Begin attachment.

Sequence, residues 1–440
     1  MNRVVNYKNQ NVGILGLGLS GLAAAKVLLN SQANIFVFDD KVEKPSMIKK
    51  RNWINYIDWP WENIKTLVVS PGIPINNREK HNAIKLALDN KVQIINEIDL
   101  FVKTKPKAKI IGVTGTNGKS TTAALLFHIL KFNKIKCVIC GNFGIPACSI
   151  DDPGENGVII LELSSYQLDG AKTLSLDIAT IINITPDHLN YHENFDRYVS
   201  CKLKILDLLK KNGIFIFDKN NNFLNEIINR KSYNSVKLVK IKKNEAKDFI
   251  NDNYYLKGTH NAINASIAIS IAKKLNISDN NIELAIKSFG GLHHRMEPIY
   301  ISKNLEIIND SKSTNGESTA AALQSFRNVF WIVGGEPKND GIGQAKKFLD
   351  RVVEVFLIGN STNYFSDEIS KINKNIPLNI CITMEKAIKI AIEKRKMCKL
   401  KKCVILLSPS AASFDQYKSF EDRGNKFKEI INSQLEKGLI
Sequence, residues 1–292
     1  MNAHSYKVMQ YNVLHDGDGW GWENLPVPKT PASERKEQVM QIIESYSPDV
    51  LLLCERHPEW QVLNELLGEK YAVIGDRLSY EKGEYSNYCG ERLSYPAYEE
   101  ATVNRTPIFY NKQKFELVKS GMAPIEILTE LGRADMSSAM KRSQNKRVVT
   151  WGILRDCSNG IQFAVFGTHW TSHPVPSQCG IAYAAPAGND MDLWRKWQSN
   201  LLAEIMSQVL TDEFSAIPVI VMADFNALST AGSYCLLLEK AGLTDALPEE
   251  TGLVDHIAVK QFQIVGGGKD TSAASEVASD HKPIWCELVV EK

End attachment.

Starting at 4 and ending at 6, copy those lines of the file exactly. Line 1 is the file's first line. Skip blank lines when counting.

   101  FVKTKPKAKI IGVTGTNGKS TTAALLFHIL KFNKIKCVIC GNFGIPACSI
   151  DDPGENGVII LELSSYQLDG AKTLSLDIAT IINITPDHLN YHENFDRYVS
   201  CKLKILDLLK KNGIFIFDKN NNFLNEIINR KSYNSVKLVK IKKNEAKDFI